Company wants to use hazardous gas less than a mile from middle school
DELCO, NC (WECT) - The public is invited to a hearing about a company's request to release up to 140 tons of methyl bromide, a hazardous air pollutant, per year into the atmosphere.
The hearing, organized by the NC Department of Environmental Quality (DEQ), is scheduled for Thursday at 7 p.m. at Acme Delco Middle School on 26133 Andrew Jackson Hwy. in Delco.
About six company representatives from Malec Brothers Transport LLC will be attending the hearing, including the company's president from Australia, according to James Harris, CEO of U.S. Operations, who was reached by phone Wednesday.
Malec Brothers wants to build and operate a methyl bromide facility at 1408 Cronly Drive in Delco. This is about a mile from Acme Delco Middle School, and about three miles from the Northwest and Sandy Creek neighborhoods.
The company applied in November 2017 for an air permit to use methyl bromide to fumigate logs for export to foreign countries, a pest control method that completely fills a space with gas to kill bugs.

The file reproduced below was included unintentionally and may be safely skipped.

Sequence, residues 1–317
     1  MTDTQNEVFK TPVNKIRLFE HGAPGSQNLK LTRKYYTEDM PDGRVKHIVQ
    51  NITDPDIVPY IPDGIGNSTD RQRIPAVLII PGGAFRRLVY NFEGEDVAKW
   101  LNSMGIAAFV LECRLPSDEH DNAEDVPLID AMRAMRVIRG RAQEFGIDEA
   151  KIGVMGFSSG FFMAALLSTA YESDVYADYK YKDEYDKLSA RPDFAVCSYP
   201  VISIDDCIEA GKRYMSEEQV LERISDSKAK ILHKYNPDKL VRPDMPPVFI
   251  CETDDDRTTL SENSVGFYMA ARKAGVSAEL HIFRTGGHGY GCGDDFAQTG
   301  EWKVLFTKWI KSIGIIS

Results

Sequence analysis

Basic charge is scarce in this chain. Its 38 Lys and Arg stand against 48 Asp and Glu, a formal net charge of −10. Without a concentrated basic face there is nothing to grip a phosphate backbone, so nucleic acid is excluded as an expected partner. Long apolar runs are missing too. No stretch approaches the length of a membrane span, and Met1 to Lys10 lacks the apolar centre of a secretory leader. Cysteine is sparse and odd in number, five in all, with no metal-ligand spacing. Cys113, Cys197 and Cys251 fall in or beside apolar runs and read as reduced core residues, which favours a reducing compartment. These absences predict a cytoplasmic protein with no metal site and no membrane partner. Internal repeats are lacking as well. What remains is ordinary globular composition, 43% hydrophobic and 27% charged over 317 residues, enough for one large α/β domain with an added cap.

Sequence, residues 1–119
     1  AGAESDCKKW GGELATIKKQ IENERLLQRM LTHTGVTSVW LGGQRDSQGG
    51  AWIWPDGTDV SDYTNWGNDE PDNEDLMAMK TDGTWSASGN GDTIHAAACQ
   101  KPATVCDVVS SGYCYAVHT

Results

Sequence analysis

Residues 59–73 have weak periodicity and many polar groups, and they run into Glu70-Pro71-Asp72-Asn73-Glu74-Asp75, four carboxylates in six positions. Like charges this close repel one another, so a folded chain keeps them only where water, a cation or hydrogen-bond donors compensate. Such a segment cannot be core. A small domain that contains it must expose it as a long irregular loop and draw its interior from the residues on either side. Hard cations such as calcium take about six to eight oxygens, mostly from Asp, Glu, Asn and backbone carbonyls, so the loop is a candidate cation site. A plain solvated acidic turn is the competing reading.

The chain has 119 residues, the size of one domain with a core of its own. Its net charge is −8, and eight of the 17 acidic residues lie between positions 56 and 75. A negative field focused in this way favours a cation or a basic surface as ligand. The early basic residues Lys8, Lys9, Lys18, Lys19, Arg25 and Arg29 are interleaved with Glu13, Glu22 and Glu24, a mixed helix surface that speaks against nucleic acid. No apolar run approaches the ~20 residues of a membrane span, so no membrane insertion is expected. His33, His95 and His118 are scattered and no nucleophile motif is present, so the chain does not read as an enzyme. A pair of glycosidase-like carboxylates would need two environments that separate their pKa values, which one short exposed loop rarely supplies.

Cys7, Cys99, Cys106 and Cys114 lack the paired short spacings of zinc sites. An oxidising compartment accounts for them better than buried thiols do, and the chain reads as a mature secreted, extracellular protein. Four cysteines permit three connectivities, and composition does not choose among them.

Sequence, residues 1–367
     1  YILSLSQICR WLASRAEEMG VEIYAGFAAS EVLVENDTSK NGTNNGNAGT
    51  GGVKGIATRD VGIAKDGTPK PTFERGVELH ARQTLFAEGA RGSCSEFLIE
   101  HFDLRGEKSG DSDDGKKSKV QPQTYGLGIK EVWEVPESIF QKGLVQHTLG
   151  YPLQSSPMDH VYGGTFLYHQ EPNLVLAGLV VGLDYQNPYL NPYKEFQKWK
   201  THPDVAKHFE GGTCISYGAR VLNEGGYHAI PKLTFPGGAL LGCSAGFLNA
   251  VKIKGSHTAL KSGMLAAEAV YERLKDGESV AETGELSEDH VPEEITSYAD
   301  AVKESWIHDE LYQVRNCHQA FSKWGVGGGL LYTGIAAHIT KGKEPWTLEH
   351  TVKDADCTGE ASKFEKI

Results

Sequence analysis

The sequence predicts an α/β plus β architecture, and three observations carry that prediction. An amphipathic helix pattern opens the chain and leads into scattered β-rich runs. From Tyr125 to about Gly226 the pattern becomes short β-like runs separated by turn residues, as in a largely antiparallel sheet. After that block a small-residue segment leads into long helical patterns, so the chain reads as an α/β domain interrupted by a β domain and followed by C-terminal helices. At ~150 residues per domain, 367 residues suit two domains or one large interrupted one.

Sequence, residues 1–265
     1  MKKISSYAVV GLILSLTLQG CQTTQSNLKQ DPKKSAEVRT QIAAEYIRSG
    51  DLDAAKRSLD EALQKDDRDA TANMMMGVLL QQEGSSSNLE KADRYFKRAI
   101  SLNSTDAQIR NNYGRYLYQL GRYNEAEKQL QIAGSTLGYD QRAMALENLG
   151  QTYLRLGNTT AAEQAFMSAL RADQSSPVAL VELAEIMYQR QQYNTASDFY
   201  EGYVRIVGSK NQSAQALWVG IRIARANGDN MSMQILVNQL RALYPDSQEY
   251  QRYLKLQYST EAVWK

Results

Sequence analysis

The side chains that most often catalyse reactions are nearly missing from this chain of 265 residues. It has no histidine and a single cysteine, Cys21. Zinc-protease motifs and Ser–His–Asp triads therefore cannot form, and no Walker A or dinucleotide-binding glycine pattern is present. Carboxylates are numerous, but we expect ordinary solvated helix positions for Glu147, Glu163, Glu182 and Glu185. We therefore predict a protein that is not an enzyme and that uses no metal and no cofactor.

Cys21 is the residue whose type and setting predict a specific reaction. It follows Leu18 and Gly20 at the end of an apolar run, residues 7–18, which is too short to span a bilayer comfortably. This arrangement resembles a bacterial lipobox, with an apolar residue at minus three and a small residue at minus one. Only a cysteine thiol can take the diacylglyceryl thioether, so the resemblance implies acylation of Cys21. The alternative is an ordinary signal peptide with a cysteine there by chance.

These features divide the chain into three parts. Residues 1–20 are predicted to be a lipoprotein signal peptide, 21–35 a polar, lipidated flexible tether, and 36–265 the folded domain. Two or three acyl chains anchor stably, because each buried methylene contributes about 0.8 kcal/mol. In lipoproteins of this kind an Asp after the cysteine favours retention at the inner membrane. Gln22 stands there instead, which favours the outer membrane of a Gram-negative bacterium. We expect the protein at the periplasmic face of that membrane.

Here's how the methyl bromide fumigation would work, according to the company's permit application:
- Southern yellow pine logs are placed inside shipping containers, which are placed onto impervious surfaces with fans, monitoring and dispensing lines.
- The methyl bromide is injected into the log-filled containers.
- The containers are left sealed for 16-72 hours so the methyl bromide can kill all pests inside. During this time, monitors inside and outside the container will measure for methyl bromide leaks.
- Afterward, a single container door will be opened so that ventilation will occur. Five minutes later, a second door will open to release more methyl bromide.
- The permit states this slow ventilating will “allow for the controlled release of methyl bromide into the atmosphere, ensuring the site levels do not exceed safe working levels.”
If a leak is found, the company's application said crews will use duct tape or sandbags to fix the leak.
The company looked into recapturing the methyl bromide, but found this is not a feasible option because the operation is too large for recapture devices and no other companies with similar practices have implemented them.
WECT's Ben Smart will be attending the hearing. Check back tomorrow for extended coverage.
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